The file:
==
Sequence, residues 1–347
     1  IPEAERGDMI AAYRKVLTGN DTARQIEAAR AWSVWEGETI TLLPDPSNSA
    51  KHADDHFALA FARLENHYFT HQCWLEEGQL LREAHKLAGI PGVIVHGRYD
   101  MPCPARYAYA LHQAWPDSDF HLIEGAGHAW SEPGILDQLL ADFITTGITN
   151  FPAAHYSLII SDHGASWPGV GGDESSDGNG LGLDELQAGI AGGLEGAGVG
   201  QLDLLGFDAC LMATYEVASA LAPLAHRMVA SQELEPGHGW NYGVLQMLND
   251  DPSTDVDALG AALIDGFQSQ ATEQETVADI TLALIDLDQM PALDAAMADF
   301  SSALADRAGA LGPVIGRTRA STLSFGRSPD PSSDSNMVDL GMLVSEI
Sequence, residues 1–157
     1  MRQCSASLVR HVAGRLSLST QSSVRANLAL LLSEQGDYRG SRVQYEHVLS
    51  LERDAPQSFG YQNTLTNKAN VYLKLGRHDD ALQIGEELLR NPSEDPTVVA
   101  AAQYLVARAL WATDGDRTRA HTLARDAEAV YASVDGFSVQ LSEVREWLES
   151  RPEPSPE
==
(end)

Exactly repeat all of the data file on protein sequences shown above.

Sequence, residues 1–347
     1  IPEAERGDMI AAYRKVLTGN DTARQIEAAR AWSVWEGETI TLLPDPSNSA
    51  KHADDHFALA FARLENHYFT HQCWLEEGQL LREAHKLAGI PGVIVHGRYD
   101  MPCPARYAYA LHQAWPDSDF HLIEGAGHAW SEPGILDQLL ADFITTGITN
   151  FPAAHYSLII SDHGASWPGV GGDESSDGNG LGLDELQAGI AGGLEGAGVG
   201  QLDLLGFDAC LMATYEVASA LAPLAHRMVA SQELEPGHGW NYGVLQMLND
   251  DPSTDVDALG AALIDGFQSQ ATEQETVADI TLALIDLDQM PALDAAMADF
   301  SSALADRAGA LGPVIGRTRA STLSFGRSPD PSSDSNMVDL GMLVSEI
Sequence, residues 1–157
     1  MRQCSASLVR HVAGRLSLST QSSVRANLAL LLSEQGDYRG SRVQYEHVLS
    51  LERDAPQSFG YQNTLTNKAN VYLKLGRHDD ALQIGEELLR NPSEDPTVVA
   101  AAQYLVARAL WATDGDRTRA HTLARDAEAV YASVDGFSVQ LSEVREWLES
   151  RPEPSPE